Regína sacratíssimi Rosárii, ora pro nobis!


Ave Maria!
Sunday of Lent—14 February AD 2016

The Pinnacle of the Temple

Ordinary of the Mass
Mass Text - Latin
Mass Text - English
Lenten Observance

Psalm 90-Translated from the Old Latin

“Behold, now is the acceptable time;
behold, now, is the day of salvation.”[1]

    The Church is highly privileged to have the writings of Pope Saint Gregory the Great, including a sermon on today’s Gospel.[2]  To most of us it seems odd that the Holy Ghost would lead our Lord into the desert to be tempted by the devil.  Gregory puts it into the perspective  that our Lord’s entire time on earth is directed to conquering the devil, sin, and death.  “He had come to undo our death by His own, He would also overcome our temptations in His temptations.”

    Pope Gregory points out that Pontius Pilate and the Roman soldiers acted on behalf of the devil;  the high priests and the Sanhedrin of the Jews acted on behalf of the devil.  “Why then should we be astonished if He allows Himself to be taken up into a mountain by the devil [when He allows Himself to be crucified by agents of the devil]?

    The temptations of our Lord were really quite similar to the temptations of Adam, although perhaps on a more grand scale.  Jesus had been fasting for forty days and was naturally hungry.  As the devil tempted Adam with a pleasant tasting fruit, the devil tempts Jesus with the possibility of turning stones into edible bread.  As the devil tempted Adam with vain glory, saying “shall be as Gods,” the devil tempts Jesus with the possibility of showing off His divinity by summoning the angels.  As the devil tempted Adam with the possibility of exaltation, “you shall know good and evil,” He tempted Jesus with exaltation over “all the kingdoms of the world, and the glory of them.”[3]

    Even though Jesus is tempted on a far grander scale than Adam, He resists absolutely for He understands the mechanism of temptation—as should we.  Generally speaking, we are tempted with something that is good.  Fruit and bread are intended by God for the nourishment of men and women—both are good.  But the mechanism of temptation comes into play when we perceive that we can do something excessive or forbidden with the good thing.  Eating what is forbidden by legitimate authority; eating more than what is good for our health;  stealing someone else’s bread to eat it—all of these are examples of giving in to temptation  by something that is, in itself, good.  Virtually every other sort of temptation works in the same way—concupiscence motivates us to make use of something good in an evil way.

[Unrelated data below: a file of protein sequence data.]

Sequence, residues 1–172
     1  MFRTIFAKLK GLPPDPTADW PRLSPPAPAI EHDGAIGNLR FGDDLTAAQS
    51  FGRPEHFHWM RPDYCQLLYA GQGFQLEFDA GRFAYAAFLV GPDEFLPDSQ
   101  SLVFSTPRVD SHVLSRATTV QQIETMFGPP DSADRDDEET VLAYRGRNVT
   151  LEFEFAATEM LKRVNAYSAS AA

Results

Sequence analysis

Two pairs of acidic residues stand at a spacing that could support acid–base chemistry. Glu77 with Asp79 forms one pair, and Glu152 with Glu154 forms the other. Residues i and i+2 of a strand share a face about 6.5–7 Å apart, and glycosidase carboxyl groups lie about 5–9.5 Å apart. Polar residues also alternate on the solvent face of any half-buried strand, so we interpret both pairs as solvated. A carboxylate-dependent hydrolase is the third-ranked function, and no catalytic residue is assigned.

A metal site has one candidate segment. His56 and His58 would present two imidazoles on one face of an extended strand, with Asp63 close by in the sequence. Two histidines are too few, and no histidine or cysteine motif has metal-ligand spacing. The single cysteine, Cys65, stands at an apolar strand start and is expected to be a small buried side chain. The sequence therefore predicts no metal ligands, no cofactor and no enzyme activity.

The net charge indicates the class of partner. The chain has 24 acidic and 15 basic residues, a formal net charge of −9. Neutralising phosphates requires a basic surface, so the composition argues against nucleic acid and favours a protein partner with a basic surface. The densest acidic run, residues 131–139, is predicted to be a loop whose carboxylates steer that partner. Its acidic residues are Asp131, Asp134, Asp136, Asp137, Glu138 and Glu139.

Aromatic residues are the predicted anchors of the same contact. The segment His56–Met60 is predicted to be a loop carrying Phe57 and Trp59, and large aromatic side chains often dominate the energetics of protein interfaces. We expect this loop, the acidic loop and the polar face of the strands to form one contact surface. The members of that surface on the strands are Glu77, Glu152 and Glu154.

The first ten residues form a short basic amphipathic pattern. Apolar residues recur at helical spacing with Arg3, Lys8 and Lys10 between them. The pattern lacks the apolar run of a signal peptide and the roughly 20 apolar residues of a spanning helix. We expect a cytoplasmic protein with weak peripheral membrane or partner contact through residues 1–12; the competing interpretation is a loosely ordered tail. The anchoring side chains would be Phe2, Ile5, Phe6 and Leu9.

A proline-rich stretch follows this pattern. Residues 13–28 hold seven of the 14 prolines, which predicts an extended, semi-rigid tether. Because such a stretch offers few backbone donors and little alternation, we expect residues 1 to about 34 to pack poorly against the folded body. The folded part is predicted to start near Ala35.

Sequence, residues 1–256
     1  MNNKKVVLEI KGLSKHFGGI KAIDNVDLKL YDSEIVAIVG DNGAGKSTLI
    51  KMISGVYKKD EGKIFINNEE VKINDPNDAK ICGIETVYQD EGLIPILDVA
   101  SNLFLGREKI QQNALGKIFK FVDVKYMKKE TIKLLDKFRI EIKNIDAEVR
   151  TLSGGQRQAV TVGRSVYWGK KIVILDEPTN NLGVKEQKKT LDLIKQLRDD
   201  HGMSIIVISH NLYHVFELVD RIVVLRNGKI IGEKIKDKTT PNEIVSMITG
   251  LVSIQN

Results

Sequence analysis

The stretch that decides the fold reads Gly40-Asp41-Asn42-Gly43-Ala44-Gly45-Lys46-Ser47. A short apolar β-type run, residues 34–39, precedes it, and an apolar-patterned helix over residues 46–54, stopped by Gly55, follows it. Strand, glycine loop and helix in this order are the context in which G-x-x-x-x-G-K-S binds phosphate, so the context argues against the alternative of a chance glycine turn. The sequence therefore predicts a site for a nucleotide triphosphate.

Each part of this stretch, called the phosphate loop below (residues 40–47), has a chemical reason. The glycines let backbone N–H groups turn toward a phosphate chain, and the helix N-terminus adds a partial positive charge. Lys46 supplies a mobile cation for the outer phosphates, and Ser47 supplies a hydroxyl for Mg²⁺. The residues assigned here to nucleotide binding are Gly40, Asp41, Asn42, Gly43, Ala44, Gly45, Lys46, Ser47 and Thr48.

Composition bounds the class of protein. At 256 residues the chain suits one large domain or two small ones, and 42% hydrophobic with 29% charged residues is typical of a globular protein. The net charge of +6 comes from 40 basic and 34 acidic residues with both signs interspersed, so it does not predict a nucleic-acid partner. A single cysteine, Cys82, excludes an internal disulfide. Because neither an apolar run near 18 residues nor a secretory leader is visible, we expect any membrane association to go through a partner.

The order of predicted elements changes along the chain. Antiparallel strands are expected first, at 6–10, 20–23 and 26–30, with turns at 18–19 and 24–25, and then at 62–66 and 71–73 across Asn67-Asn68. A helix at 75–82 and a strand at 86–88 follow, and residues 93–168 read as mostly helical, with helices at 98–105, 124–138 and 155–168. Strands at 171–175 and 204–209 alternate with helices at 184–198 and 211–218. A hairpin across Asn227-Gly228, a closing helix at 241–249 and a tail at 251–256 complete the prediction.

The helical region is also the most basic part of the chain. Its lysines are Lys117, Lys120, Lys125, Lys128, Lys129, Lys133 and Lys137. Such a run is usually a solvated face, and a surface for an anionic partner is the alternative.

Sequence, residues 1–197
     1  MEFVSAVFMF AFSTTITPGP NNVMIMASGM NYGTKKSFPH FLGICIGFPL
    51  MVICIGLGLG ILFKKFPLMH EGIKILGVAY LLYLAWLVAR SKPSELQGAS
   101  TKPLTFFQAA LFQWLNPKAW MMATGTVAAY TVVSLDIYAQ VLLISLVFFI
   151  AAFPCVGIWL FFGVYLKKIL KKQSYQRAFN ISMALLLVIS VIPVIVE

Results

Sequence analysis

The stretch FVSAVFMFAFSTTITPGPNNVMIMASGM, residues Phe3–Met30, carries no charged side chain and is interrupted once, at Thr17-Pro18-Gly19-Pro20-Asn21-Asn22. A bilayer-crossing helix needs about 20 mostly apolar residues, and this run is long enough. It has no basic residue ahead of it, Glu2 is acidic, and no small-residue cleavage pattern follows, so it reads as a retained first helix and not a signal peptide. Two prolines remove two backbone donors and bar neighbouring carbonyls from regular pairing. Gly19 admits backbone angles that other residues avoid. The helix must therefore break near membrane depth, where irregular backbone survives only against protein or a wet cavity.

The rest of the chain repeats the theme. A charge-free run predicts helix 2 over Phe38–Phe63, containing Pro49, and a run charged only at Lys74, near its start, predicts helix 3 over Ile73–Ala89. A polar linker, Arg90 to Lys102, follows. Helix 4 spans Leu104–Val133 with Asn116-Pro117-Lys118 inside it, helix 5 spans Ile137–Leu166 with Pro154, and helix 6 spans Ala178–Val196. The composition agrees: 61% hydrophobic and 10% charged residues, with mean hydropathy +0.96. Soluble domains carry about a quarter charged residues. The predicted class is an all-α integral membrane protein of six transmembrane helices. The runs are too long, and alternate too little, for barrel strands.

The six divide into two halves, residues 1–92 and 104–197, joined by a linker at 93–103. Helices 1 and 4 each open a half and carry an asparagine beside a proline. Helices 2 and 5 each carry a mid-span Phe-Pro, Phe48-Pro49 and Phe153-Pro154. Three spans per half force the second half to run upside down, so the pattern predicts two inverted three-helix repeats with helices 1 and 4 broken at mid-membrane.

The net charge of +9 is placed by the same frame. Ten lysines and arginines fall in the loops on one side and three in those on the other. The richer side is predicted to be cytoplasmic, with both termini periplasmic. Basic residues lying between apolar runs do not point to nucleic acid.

Another pertinent factor in this is that the devil generally offers thing in temptation that are not his to give.  He didn’t own the fruit in the garden, he expected Jesus to make His own bread by working a miracle, he had no control over the angels who would have broken Jesus’ fall from the pinnacle of the temple, and he owned none of the kingdoms of the world.  This is simply to say that the “rewards” of succumbing to temptation are mostly illusions.  The devil, or in many cases, our own ignorance confuses us into believing that by doing evil we will be rewarded with good.

    A primary purpose of keeping a good Lent is to develop the ability to deal with temptation.  Prayer is a key to this of course—we are assured of the intercession of our Lord and Lady and the other angels and saints.  We should be conscious of the fact that we are continuously in the presence of God, and our guardian angel.  Not only should we be ashamed of doing anything evil for them to see, but we must be continuously open to their guidance and protection.

    We must do our part.  The various penitential practices of the Church throughout the year, but especially during Lent, are intended for us to gain discipline over ourselves. Practice in refusing that chocolate bar or an extra serving of something delicious prepares us to turn away from things that are truly bad for us.  And, beyond discipline, penance is necessary to avoid punishment for sins we have already committed.  We can more certainly expect divine aid in avoiding sin if God knows that we are serious about doing so.

    The devil cannot force us to sin.  Saint Augustine describes him as being like a dog on a chain—he cannot bite us if we don’t get close with him.  Saint Paul tells us that “God …will not suffer you to be tempted above that which you are able: but will make also with temptation issue, that you may be able to bear it.[4]

    Let me remind you to avoid the “unnecessary occasions of sin.”  Don’t be associated with persons, places, or things that you know are likely to expose you to temptation—particularly if you don’t truly need to be associated with them.  A good Catholic never looks for opportunities to sin!

    Temptation itself is not a sin.  It only becomes sinful when we begin to consider it, to dwell on how much we would enjoy a sinful thing, and to plan how we might bring it about.  We should not seek out temptation, but when we are inadvertently tempted and we put the temptation behind us, we are doing something positively good—something for which God will reward us.

    “Be gone, Satan.”  Let us always be ready to speak these words of our Blessed Lord.  The devil has nothing to offer us but illusions.  Certainly nothing that he can offer is worth your immortal soul!!

“Behold, now is the acceptable time;
behold, now, is the day of salvation.”



[2]   M.F. Toal, The Sunday Sermons of the Great Fathers, Volume II, pages 32-36


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